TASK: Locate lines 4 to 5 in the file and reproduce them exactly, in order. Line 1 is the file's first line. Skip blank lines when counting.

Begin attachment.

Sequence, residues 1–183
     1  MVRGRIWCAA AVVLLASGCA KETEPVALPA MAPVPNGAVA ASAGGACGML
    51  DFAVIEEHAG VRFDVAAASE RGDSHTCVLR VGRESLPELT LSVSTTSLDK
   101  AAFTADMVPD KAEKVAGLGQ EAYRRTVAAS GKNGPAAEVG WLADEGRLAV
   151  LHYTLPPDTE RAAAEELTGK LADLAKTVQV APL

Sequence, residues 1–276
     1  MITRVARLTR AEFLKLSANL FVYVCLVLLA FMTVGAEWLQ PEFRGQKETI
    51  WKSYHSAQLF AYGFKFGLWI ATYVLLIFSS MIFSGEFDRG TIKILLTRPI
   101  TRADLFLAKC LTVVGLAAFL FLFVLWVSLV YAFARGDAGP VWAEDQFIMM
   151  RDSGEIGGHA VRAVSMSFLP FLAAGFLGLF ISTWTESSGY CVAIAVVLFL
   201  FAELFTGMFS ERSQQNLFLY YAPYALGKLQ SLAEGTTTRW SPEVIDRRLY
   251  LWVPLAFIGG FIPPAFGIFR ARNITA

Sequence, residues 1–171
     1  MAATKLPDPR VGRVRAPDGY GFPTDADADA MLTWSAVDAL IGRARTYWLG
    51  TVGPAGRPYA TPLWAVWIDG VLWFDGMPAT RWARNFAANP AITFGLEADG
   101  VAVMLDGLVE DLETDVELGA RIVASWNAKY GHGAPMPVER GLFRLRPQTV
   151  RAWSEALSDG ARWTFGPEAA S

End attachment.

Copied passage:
   101  AAFTADMVPD KAEKVAGLGQ EAYRRTVAAS GKNGPAAEVG WLADEGRLAV
   151  LHYTLPPDTE RAAAEELTGK LADLAKTVQV APL